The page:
Outbreak Warning - Katherine
Parvoviral infection must be considered as a possibility in any young dog with vomiting and/or diarrhoea, or any adult dog that is overdue for vaccination with similar symptoms. There have been reports of the new viral strain 2c infecting dogs that have previously been vaccinated but are overdue. We urge all dog owners to get their animals vaccinated for this disease. Prevention is far better and cheaper than treatment for this horrible disease. Regular vaccination ensures that your dog is protected.
Please note: Parvovirus poses no viral risk to humans, cats and livestock
What is Parvovirus?
Parvovirus attacks the rapidly dividing cells of the gut lining and immune system resulting in bloody diarrhoea and immunosuppression. The infected dog then becomes severely dehydrated through water loss and septic from bacterial superinfections. Parvoviral infection must be considered as a possibility in any young dog with vomiting and/or diarrhoea. It should also be noted that sometimes the dog may not show signs of vomiting or diarrhoea, and may just be inappetent and flat. If unsure, it is always better to have your dog checked as early treatment increases the chance of survival.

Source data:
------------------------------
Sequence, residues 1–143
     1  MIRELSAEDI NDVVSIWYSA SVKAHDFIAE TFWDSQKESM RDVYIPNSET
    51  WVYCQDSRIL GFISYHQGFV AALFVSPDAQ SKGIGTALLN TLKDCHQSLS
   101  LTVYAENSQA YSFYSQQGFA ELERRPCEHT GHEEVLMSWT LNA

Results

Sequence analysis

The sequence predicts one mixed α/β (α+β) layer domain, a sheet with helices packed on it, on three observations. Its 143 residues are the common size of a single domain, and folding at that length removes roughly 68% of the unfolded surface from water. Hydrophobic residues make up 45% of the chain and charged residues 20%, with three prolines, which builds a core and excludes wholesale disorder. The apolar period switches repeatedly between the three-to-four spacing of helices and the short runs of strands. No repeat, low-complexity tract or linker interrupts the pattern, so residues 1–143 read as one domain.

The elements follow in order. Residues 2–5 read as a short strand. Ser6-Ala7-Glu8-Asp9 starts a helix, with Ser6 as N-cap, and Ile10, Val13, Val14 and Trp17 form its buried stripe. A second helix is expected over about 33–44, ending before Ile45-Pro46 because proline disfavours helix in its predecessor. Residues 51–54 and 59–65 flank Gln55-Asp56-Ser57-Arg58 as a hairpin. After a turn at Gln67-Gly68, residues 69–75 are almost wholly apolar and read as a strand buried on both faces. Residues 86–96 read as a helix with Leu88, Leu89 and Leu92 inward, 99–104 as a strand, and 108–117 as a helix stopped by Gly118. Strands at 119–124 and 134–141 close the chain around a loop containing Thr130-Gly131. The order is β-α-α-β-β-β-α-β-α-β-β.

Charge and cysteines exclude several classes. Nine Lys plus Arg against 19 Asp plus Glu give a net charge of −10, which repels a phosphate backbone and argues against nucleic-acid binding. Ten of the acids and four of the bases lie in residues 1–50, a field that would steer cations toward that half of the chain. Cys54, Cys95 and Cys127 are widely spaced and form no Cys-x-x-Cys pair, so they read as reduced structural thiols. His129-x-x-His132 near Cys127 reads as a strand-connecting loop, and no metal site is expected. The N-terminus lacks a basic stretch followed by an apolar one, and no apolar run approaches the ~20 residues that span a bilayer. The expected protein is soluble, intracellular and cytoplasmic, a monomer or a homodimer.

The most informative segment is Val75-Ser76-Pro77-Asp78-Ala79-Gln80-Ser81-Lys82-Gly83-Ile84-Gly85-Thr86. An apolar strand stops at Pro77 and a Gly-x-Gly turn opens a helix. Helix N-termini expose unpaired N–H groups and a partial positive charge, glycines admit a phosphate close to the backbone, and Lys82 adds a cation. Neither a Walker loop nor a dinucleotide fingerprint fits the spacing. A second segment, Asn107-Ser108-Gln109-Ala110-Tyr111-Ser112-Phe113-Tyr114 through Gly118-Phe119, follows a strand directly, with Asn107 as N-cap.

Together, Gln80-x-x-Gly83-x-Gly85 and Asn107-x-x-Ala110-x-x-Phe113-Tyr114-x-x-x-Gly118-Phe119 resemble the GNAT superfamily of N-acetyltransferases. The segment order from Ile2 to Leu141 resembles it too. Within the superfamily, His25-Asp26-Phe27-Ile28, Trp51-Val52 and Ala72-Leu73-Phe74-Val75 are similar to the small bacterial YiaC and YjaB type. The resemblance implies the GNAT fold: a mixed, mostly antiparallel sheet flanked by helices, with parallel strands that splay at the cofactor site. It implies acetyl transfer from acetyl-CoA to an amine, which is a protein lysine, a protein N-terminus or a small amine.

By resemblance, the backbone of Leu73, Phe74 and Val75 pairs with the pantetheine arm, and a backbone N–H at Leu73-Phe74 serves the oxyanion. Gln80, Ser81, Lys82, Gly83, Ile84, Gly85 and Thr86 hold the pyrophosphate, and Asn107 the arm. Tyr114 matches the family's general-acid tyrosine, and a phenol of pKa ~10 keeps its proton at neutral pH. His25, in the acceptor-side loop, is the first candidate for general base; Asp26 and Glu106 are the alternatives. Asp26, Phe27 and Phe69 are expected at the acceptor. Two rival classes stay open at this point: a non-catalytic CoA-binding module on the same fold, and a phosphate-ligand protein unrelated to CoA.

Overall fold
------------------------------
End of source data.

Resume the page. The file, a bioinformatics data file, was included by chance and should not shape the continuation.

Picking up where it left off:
How is it spread?
It is then, very easy for someone to walk through these areas and pick the virus on their shoes or clothing and spread it further. Dogs walking through these contaminated areas can pick it up on their feet and when they lick or clean their feet, they then can become infected with this virus.
How long is it between exposure to the virus and signs of infection?
Can Parvovirus infection be treated?
Home treatment for parvo infection is a bad idea when compared to hospitalisation and intensive care. The death rate rises substantially, and the profuse diarrhoea and vomiting will lead to heavy viral contamination in the home. Without proper treatment, a dog can become weak, septic and eventually will die.